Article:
In the Acts of the Apostles, we read that many signs and wonders were wrought among the people at the hands of the apostles.
So many miracles took place in those days, that people who had sick relatives brought them out into the streets, in the hope that the shadow of the Apostle Peter would fall on their sick ones – and they would be healed.
Saint John Chrysostom says all those miracles were like heaven coming down to earth.
What an incredible time it must have been to live among the Apostles. But more incredible still would have been to live side by side with Christ Himself when He walked on the earth, preaching and doing miracles for three whole years.
There were in fact so many of them that the Bible itself does not contain the vast majority of the Lord’s miracles – the Gospel of John only includes seven of them. But the ones it does contain are included there “so that we may believe that Jesus is the Christ, and that believing (we) might have life in His Name”.
The Apostles witnessed a whole lot more miracles than the seven we read about in Saint John’s Gospel. So you would think that when they received news that the Lord had risen from the dead, they would have believed it.
But they were sceptical. They didn’t trust the Myrrh-bearing Women who went to the tomb and saw the Lord. It wasn’t until the Lord Himself came and stood among them – passing through a locked door, no less – that they believed.
Saint Cyril of Alexandria says that at that moment, when Christ came that night, He also fulfilled His promise that wherever He was present with those who believe in Him, He would give them His peace – which makes you wonder if Christians really have His presence with them today, when His peace is absent in the hearts of so many of us, so much of the time.
But one of those apostles did not believe. He was not there in that locked room. He was absent. He was late.
He declared rather boldly: “Unless I shall see in His hands the print of the nails, and put my finger in the print of the nails, and thrust my hand into His side, I will not believe.”
After all that. After all he had seen in those three years, travelling with Christ, hearing Him preach.
The Apostle Thomas had been there for the Sermon on the Mount.
He had seen the paralytic raised up.
He had seen the eyes of the man born blind recreated – from nothing.
He had even seen Lazarus – dead, four days – called out of the tomb, raised from the dead to foreshadow Christ’s own resurrection.
But Saint Thomas would not believe.
He had witnessed everything – more than any Christian in two thousand years could dream of. Yet he would not believe. Instead, he stated his conditions, and his preferences.
We live in a world that has everything we could dream of, in terms of hearing about Christ.
Every person in our country could (if they chose to) have a copy of the Bible, and everyone has been given lessons, teaching them how to read it.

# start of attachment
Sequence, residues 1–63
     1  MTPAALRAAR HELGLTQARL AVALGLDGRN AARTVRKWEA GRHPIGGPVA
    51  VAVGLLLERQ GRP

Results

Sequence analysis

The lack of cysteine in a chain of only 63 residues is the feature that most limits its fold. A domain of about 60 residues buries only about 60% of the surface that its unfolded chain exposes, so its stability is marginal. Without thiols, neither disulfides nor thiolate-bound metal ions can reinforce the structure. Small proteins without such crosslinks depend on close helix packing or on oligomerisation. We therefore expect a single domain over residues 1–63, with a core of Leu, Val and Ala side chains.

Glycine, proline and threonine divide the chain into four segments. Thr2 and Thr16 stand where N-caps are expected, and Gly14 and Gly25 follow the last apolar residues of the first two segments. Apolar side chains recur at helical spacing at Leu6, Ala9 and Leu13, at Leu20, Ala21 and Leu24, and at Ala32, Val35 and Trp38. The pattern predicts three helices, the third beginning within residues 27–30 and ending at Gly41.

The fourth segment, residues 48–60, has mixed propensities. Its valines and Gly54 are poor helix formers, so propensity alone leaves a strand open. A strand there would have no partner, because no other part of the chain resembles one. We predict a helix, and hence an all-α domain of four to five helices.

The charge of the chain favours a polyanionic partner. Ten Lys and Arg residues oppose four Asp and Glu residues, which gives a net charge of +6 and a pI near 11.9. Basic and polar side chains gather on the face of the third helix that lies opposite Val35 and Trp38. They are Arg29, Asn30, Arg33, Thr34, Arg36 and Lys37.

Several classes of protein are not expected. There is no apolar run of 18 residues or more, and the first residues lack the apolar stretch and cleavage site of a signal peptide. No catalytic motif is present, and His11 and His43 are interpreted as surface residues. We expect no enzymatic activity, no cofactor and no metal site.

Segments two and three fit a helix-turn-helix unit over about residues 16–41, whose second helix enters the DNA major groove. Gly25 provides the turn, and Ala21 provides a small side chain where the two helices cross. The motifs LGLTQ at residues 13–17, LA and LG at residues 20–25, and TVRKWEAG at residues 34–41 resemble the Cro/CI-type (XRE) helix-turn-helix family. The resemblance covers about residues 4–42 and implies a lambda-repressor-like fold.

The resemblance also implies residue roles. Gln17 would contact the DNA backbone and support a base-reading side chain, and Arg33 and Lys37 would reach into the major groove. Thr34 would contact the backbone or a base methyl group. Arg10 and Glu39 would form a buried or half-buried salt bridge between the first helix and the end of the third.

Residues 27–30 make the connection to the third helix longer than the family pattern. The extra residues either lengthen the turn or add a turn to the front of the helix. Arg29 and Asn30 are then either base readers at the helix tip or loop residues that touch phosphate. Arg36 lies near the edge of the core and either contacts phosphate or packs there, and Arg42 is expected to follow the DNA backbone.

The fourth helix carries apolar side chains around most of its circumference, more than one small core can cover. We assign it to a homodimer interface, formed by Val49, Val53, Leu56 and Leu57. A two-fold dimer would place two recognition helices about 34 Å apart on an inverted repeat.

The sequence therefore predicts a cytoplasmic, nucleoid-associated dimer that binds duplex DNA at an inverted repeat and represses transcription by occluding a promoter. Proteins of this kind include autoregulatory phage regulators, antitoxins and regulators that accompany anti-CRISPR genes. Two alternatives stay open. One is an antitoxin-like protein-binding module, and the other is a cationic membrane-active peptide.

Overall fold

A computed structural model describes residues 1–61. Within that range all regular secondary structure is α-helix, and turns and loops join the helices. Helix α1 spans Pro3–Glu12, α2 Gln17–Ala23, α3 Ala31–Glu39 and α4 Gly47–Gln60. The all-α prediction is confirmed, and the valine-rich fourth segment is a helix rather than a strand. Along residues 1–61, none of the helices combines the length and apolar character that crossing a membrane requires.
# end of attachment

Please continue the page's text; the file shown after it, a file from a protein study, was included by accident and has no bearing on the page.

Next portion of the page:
We have the lives of all the well-known saints, in print, and available online, free of charge.
We have thousands of spiritual books – all in English – as well as tens of thousands of Orthodox Christian videos to teach us about Christ and His Church. Almost all of us have time to watch or read them, every day.
And the people in the world around us have these opportunities, too – not to witness all the miracles of Christ, but to read and listen to thousands of things that point the way to Christ.
But what do we so often do?
Just like the Apostle Thomas, we state our conditions, and our preferences.
I will read – when I have time.
I will read – something that is better suited to me.
I will pray – something that is not too long, or too boring.
I will watch something for my soul – but first, I will watch something funny.
Before Thomas arrived at that upper room, the Lord said to His disciples, “As my Father sent me, so I send you,”. Saint Cyril of Alexandria says, this is our mission: to follow the will of God the Father, just like the Son did.
Not our own will. Not on our own conditions. Not our own preferences.
Of course, this is the exact opposite of what the world will teach us, and it is going to take tremendous work if we are going to think differently.
God has given us so much – even now, in the midst of a crisis with our churches closed.
What are we going to do with it?
The good news for the Apostle Thomas was this: he was looking for the Lord. He was seeking the Lord – and the Lord showed Himself to Saint Thomas.
The same is true for us:
The Lord will always respond to our efforts to find Him, and to know Him. He will give in response to us much more than our little efforts toward Him.
But He will not force us.
Like the Apostles, He has already surrounded us with the miracles of His grace.
He has already brought heaven down to earth.
Now, we must raise our eyes to meet Him.
– Archpriest Geoffrey Korz is a parish priest in Hamilton, Canada.